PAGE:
Here to celebrate New Year’s Eve with a list of my favourite episodes of TV of 2015. It was tough to narrow down my absolute favourites, and there’s certainly some fantastic episodes that deserve to be on this list, but this is the list that ended up feeling right. Please note that this list is ordered by date of broadcast and nothing more.
Finally got to see The Force Awakens, and I really enjoyed it. From the moment Jar Jar Binks unhoods himself to reveal a grizzled face and says “Meesa back” while looking directly at the camera, I knew I was in for a great time… Joking aside, this was a film that really wanted to let me know I was in good hands from the start. It was well-acted, had fun action sequences, and best of all, it had energy to it. The people in this film actually looked like they were having fun, and the series’ hugely missed banter is back with a vengeance. The biggest strength to this movie is what has always been Star Wars‘s greatest asset, and that’s in the characters and the connections they have with each other. The new characters in this film are all well realized and completely distinct in the face of other things that have appeared before in the franchise (although the same can’t be said about the film’s plot). My belief before watching it was that if they could just nail the characters, the rest would be gravy, and thankfully the film did that and more.
So The Force Awakens came out and it basically took over the world, so everyone who writes on the internet basically has to discuss it. I do wanna talk about it eventually, but first I think I need to go over my thoughts on the other Star Wars films, minus episodes I and II, because no thanks. Having recently rewatched these films on the road to seeing The Force Awakens they’re still fresh in my head, so the time to search my feelings on them is now.
With this edition of Mind Spill (and the next one to come) I’m going to be focusing on fighting games primarily because a lot of news happened for both Street Fighter V and Super Smash Bros. Some of the news was good, some of it bad, a lot of it I still don’t know what to make of, but today though, I’ll be focusing mainly on Street Fighter.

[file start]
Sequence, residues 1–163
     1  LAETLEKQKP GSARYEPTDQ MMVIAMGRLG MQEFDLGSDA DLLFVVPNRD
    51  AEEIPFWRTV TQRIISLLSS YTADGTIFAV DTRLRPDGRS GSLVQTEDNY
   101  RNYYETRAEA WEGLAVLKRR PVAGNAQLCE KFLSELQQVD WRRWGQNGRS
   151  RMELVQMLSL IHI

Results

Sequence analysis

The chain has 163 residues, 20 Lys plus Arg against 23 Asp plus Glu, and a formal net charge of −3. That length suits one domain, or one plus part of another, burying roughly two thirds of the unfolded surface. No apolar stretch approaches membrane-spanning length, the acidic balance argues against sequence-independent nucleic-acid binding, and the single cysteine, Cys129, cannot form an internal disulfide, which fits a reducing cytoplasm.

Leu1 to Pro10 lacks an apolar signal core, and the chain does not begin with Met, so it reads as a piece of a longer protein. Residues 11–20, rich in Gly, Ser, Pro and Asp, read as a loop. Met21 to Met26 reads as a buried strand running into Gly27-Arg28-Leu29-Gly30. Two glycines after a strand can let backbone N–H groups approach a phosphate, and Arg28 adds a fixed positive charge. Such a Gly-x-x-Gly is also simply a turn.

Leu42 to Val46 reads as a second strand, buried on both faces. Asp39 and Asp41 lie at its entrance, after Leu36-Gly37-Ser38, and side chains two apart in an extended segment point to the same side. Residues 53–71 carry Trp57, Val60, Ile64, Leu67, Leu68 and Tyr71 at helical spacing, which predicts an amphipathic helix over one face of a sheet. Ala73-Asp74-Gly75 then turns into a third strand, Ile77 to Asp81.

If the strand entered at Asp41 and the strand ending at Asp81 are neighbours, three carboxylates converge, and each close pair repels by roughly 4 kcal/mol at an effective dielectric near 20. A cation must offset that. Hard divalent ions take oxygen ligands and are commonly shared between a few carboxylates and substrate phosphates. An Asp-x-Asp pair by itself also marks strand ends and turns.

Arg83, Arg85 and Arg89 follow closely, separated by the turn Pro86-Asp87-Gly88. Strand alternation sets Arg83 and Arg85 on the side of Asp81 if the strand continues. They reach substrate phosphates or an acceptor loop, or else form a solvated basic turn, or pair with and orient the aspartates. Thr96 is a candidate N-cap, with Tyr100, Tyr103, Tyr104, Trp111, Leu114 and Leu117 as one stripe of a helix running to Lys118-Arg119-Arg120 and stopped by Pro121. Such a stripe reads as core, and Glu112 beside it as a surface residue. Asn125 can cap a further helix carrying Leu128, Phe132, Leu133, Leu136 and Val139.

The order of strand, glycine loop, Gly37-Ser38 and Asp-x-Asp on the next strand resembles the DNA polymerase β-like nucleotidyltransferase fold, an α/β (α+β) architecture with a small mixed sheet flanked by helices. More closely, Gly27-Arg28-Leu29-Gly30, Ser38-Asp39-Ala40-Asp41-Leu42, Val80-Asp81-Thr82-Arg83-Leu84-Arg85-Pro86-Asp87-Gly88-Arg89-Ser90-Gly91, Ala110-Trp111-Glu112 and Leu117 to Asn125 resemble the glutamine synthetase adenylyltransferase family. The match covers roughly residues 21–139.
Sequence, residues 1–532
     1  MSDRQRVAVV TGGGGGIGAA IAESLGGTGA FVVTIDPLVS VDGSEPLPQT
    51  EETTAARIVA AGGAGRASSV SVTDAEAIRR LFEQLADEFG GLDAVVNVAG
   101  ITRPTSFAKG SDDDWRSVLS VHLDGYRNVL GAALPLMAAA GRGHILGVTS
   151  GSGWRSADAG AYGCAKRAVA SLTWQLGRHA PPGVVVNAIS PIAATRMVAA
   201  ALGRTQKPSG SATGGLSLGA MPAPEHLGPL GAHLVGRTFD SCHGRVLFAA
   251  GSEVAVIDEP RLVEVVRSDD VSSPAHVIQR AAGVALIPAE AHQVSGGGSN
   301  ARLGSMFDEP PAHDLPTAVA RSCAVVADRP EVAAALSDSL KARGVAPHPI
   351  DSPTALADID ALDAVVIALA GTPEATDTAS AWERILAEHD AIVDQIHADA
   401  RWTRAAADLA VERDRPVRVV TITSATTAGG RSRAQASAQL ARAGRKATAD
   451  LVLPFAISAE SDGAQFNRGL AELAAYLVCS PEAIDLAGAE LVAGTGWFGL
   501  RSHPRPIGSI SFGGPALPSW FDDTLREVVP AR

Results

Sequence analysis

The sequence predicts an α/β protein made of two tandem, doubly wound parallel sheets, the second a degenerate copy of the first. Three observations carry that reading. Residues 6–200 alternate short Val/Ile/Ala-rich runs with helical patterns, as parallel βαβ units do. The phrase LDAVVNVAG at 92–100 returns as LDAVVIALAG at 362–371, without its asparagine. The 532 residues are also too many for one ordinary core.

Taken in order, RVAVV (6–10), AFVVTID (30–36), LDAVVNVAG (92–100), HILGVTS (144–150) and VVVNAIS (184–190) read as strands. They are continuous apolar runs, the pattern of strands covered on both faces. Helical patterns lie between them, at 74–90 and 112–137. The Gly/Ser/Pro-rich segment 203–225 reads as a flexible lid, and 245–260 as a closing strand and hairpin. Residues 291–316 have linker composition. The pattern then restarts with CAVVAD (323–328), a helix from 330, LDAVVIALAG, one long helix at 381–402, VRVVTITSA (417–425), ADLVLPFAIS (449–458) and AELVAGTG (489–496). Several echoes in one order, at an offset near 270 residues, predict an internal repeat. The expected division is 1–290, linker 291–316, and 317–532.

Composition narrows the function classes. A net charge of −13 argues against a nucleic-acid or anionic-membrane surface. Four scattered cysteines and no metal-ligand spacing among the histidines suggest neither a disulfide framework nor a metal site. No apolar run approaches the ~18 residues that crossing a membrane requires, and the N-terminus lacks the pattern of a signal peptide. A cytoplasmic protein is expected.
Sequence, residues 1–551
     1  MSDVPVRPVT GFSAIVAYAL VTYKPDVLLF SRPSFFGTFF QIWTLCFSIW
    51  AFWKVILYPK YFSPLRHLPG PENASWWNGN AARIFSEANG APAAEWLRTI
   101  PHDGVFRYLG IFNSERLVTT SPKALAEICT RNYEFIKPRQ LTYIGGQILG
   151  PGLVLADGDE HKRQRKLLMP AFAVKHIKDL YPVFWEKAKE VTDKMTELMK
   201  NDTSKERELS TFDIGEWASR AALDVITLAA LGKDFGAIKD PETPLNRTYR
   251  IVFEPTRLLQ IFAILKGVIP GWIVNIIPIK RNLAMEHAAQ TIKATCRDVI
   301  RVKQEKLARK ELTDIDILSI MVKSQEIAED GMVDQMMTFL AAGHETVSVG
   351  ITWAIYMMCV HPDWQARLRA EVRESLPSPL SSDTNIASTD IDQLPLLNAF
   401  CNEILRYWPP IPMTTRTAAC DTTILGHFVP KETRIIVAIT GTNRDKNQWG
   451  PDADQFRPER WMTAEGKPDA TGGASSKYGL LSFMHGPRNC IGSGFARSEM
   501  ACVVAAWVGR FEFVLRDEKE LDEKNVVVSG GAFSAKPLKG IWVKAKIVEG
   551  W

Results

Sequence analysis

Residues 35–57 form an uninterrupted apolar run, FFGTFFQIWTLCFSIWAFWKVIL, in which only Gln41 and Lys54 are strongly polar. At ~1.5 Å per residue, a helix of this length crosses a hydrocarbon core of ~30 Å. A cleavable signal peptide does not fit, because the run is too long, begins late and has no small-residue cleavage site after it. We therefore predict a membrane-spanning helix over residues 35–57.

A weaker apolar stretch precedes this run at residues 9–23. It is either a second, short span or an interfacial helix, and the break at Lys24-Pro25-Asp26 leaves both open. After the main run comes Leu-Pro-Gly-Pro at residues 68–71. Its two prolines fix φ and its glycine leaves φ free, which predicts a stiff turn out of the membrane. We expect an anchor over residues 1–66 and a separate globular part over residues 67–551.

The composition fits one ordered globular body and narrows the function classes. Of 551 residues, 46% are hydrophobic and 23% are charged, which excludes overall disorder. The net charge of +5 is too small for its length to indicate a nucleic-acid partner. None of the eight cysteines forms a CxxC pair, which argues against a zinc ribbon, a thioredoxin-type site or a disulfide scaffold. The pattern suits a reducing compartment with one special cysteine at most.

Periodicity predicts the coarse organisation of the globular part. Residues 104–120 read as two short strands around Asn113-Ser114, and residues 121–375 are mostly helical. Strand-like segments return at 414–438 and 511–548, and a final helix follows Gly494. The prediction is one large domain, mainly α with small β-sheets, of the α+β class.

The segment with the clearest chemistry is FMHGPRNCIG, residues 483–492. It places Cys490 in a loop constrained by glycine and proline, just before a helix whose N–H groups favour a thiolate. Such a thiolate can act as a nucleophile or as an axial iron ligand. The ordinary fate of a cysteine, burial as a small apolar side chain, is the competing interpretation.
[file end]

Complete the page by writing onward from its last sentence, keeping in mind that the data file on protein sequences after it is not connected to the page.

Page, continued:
*This article contains massive spoilers
It’s been a while now since this show ended and I’d still like to get my thoughts about it out there. When I last wrote about Scream Queens, I expressed mixed feelings about the show as a whole, and I really haven’t budged from that stance. Like all Ryan Murphy shows, there are elements of brilliance and crap mixed in with this series, and thankfully since it’s so young, it hasn’t allowed the crap to overwhelm the rest of it yet. It’s still up in the air if this show is going to get another season, and I honestly hope it does because – Surprise! – I actually loved the finale. Believe me, I totally realize it had some pretty significant problems, but there were some elements in it that worked well enough for me to overlook the bad. But first though, let’s get the bad out of the way.
Recently finished Marvel’s Jessica Jones, a series that can be best described as a stylish neo-noire with a compelling hero and an even better villain. Played by David Tennant, Kilgrave is without question the greatest villain in the Marvel Cinematic universe. He doesn’t want to control the world, or the city, or even a small building, his sights are laser focused on one Jessica Jones, and with the horrifying power of mind control (taken to its logical extreme in the show), this threat proves to be more engaging to the audience than anything Marvel has thrown at a hero before. To honour him, here are 5 of Kilgrave’s greatest moments from the series.
Hey fellas! Here’s my second VLog, this one on the often discussed show The Good Wife. Things for this show… they aren’t looking good. That’s all I gotta say on that matter here, hear the rest in the VLog.
The CW, home of both iZombie and Jane the Virgin, is proceeding with its mission to slowly take over my life with its great shows by introducing me to Crazy Ex-Girlfriend, a charming comedy that deconstructs and analyzes the offensive stereotype that serves as its namesake. It’s solidly written and acted, but best of all, it’s also a musical and the songs are consistently great. I really do enjoy this show, which is why it’s a little sad and a little strange that my first article discussing it will amount to a criticism. The criticism is targeted towards its latest episode, “My Mom, Greg’s Mom and Josh’s Sweet Dance Moves!”, and how it dealt with the subject of parenthood and how it continues what I find to be a problematic trend in television and movies. I don’t know if this counts as a revelation to those readings, but there is such a thing as bad parenting that goes beyond domestic violence, something the media tends to completely overlook because hey, love exists.